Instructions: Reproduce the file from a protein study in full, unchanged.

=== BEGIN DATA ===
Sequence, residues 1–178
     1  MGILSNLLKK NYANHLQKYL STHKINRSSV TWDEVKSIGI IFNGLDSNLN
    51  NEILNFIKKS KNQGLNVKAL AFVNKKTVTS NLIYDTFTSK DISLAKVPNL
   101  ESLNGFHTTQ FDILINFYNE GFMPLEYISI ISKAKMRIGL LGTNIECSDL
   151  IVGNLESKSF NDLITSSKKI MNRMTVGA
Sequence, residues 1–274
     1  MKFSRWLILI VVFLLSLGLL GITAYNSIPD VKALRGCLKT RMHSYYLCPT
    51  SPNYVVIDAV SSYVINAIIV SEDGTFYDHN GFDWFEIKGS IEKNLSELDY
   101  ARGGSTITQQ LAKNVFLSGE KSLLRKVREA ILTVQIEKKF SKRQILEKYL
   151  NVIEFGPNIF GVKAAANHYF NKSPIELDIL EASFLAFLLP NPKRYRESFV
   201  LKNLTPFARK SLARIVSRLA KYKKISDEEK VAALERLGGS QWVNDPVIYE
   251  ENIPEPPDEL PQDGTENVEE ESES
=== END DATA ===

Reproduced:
Sequence, residues 1–178
     1  MGILSNLLKK NYANHLQKYL STHKINRSSV TWDEVKSIGI IFNGLDSNLN
    51  NEILNFIKKS KNQGLNVKAL AFVNKKTVTS NLIYDTFTSK DISLAKVPNL
   101  ESLNGFHTTQ FDILINFYNE GFMPLEYISI ISKAKMRIGL LGTNIECSDL
   151  IVGNLESKSF NDLITSSKKI MNRMTVGA
Sequence, residues 1–274
     1  MKFSRWLILI VVFLLSLGLL GITAYNSIPD VKALRGCLKT RMHSYYLCPT
    51  SPNYVVIDAV SSYVINAIIV SEDGTFYDHN GFDWFEIKGS IEKNLSELDY
   101  ARGGSTITQQ LAKNVFLSGE KSLLRKVREA ILTVQIEKKF SKRQILEKYL
   151  NVIEFGPNIF GVKAAANHYF NKSPIELDIL EASFLAFLLP NPKRYRESFV
   201  LKNLTPFARK SLARIVSRLA KYKKISDEEK VAALERLGGS QWVNDPVIYE
   251  ENIPEPPDEL PQDGTENVEE ESES